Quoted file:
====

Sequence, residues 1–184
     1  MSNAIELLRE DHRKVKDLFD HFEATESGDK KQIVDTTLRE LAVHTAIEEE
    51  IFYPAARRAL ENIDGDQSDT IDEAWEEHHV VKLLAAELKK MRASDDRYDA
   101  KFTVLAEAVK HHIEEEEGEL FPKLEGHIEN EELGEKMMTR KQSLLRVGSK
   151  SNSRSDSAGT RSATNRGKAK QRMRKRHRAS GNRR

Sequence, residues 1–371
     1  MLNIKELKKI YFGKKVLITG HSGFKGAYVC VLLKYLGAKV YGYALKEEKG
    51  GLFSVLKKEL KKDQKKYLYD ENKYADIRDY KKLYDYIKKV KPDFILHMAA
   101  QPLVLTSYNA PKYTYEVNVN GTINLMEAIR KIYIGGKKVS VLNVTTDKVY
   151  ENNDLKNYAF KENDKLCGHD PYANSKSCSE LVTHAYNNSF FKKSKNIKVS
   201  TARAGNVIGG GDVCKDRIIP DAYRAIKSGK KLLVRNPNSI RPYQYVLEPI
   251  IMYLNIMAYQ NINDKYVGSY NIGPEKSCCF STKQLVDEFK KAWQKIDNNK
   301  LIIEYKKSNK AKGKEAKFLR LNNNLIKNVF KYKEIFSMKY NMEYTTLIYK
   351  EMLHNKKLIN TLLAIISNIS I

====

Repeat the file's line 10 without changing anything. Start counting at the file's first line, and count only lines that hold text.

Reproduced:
   151  ENNDLKNYAF KENDKLCGHD PYANSKSCSE LVTHAYNNSF FKKSKNIKVS